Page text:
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News | Jan. 23, 2024

Meet Sagen Maddalena — U.S. Army Soldier & 2024 Olympian

By Lt. Col. Michelle Lunato U.S. Army Marksmanship Unit

A 4-H club taught her marksmanship basics, her grandfather taught her patience, and the U.S. Army taught her discipline. However, the determination to earn a spot on Team USA, again, is something she cultivated all on her own. 

Sagen Maddalena began her love with shooting sports as a child in Groveland, California. She quickly learned the ropes at her local 4-H shooting club, while her grandfather helped her develop the required patience and passion to succeed. 

With a clear talent in marksmanship, Maddalena efficiently navigated from high-power rifle shooting with the California Grizzly’s Service Rifle Team to National Collegiate Athletic Association air rifle and smallbore shooting with the University of Alaska Fairbanks.

On the UAF Rifle Team, Maddalena accumulated eight All-American titles, all while earning a Bachelor of Science in Natural Resource Management. As her 2018 college graduation approached, the accomplished marksman had to decide if her shooting career would cease as well.

Maddalena said she was not done with the sport though, and that the U.S. Army offered her the opportunity to be all she could be. “My reasons for joining the Army were to challenge myself, experience new opportunities, excel as a competitive shooter, and to join a team that would push and support me on my path to the Olympics.”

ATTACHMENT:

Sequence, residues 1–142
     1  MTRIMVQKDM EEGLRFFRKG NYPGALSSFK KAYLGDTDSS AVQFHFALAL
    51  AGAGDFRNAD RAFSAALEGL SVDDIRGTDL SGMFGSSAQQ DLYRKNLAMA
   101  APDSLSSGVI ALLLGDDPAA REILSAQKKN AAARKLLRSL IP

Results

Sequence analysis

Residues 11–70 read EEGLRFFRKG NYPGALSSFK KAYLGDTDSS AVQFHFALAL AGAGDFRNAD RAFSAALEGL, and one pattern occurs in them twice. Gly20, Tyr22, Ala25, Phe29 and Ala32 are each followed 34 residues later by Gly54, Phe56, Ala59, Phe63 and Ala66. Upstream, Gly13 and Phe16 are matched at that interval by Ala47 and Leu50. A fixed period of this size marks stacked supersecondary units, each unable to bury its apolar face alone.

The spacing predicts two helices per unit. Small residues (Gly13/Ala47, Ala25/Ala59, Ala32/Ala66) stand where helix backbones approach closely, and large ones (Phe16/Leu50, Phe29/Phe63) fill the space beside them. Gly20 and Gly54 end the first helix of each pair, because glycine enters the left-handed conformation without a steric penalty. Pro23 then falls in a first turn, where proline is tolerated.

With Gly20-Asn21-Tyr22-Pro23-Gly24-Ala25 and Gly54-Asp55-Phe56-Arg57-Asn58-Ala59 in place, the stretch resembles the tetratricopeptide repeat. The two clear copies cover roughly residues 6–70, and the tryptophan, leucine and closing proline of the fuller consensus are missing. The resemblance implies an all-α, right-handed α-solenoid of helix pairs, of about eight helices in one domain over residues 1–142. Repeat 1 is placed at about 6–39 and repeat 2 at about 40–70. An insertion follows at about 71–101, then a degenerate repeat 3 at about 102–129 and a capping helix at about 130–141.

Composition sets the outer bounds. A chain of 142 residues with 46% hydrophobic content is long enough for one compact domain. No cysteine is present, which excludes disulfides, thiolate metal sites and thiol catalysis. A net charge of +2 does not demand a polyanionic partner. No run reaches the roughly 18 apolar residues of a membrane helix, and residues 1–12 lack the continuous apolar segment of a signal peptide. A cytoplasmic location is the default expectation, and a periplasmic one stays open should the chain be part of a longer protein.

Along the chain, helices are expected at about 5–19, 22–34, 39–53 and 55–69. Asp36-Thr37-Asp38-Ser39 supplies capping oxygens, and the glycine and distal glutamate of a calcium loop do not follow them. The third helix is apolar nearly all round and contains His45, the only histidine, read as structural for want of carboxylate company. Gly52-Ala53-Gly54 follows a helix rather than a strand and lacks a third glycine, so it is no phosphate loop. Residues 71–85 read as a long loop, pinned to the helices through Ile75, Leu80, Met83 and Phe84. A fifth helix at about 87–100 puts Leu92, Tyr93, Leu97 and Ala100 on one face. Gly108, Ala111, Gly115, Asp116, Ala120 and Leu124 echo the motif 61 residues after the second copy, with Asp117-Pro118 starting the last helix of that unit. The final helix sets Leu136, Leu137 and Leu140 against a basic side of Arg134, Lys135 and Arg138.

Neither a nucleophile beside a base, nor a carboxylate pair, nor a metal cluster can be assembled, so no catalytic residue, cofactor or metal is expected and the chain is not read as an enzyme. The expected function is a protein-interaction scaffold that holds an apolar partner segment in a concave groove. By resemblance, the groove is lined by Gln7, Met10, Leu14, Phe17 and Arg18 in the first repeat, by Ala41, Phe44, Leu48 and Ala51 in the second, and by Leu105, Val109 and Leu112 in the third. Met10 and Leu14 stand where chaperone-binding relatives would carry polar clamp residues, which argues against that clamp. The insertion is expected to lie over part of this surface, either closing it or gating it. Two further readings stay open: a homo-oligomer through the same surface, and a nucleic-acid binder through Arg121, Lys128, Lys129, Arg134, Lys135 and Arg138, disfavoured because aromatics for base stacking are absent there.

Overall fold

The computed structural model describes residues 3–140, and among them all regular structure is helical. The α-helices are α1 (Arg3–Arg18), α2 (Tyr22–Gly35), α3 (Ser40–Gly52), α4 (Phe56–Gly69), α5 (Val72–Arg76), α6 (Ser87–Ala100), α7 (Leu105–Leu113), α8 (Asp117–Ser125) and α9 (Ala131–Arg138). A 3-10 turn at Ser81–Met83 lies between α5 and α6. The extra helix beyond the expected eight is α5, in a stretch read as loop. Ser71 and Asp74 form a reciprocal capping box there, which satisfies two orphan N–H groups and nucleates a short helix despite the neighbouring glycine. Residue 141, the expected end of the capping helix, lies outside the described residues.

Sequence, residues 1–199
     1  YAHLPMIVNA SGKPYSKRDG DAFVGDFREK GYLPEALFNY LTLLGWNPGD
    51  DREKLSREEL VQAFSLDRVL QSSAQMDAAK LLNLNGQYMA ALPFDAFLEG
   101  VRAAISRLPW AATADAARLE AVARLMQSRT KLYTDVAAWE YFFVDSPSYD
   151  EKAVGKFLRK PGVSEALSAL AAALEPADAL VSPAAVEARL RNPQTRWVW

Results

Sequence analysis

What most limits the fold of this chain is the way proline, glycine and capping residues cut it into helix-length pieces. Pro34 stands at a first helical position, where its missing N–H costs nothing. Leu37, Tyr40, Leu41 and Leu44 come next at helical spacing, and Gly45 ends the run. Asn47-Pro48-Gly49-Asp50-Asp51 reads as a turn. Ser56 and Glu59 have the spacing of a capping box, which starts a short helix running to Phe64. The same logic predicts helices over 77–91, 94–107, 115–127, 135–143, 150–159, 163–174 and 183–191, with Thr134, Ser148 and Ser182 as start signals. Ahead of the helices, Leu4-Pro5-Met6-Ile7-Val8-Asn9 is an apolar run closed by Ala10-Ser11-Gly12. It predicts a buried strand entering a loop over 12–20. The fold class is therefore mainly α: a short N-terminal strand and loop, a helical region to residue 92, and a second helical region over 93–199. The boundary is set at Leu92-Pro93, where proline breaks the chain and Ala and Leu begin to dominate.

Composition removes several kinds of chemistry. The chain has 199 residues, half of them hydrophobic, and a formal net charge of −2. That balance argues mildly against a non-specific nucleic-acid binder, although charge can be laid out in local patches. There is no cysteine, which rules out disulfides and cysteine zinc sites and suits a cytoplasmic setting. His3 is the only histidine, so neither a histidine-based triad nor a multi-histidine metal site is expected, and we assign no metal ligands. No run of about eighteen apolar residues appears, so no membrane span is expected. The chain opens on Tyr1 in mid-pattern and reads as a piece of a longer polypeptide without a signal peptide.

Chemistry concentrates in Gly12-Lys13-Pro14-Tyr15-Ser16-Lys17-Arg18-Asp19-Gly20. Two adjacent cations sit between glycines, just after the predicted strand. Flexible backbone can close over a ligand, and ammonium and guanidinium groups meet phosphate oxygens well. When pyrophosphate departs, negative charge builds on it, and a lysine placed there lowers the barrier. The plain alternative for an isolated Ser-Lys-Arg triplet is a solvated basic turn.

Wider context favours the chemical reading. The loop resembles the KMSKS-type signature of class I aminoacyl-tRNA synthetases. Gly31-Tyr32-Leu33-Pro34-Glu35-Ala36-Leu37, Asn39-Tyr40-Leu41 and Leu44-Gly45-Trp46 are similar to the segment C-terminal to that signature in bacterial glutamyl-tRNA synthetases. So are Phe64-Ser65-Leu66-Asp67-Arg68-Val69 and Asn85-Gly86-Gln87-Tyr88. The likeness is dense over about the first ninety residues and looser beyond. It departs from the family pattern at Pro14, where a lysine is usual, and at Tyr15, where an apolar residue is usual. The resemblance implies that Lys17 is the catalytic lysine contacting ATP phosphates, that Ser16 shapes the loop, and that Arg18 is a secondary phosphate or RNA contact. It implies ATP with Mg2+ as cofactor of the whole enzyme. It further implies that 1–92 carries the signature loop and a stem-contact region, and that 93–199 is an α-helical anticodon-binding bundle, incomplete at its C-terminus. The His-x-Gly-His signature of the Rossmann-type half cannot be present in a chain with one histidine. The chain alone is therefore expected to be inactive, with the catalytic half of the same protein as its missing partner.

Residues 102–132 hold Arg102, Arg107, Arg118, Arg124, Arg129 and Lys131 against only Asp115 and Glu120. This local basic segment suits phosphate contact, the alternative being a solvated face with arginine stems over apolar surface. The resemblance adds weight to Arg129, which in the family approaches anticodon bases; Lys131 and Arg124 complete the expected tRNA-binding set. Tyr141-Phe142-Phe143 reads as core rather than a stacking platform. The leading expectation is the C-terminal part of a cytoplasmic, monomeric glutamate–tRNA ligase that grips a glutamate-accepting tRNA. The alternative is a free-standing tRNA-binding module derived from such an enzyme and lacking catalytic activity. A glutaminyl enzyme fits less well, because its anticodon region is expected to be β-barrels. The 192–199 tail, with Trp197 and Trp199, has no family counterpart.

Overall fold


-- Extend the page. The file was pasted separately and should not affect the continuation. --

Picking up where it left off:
After Army Basic Combat Training in March 2019, Maddalena experienced a number of new opportunities as she trained to become a cannon crew member who works howitzer cannons that support infantry and tank units during combat. Being 5’4” did not stop Maddalena from performing all the requirements to earn the field artillery job title, including the task of lifting ammunition shells weighing over 100 pounds.

With a distinguished collegiate rifle career and her military occupational specialty school complete, Maddalena’s new home became the U.S. Army Marksmanship Unit at Fort Moore, Georgia. As a marksmanship instructor/competitive shooter for USAMU’s International Rifle Team, Maddalena, now a Soldier, settled into her new role and tasks. 

The USAMU was not a completely new concept to Maddalena though. In fact, as a junior marksman, she had seen USAMU Soldiers at competitions over the years. 

“Watching the professionalism and amazing marksman from the Army Marksmanship Unit compete at Camp Perry, Ohio National Matches as a teenager is what motivated me to join the U.S. Army,” explained Maddalena, who holds both the Distinguished Rifleman and International Shooter Badges.
Maddalena wasted no time at the Home of Champions and diligently trained in both 10m air rifle and 50m smallbore, or three position rifle. And by 2020, the Fort Moore Soldier earned a spot on Team USA in the 50m smallbore event and was selected as an alternated in the 10m air rifle event. 

At the COVID-delayed 2021 Olympics in Tokyo, Maddalena placed an impressive 5th in smallbore. She may have missed the Gold Medal at her first Olympics, but the experience made her even more focused on improvement.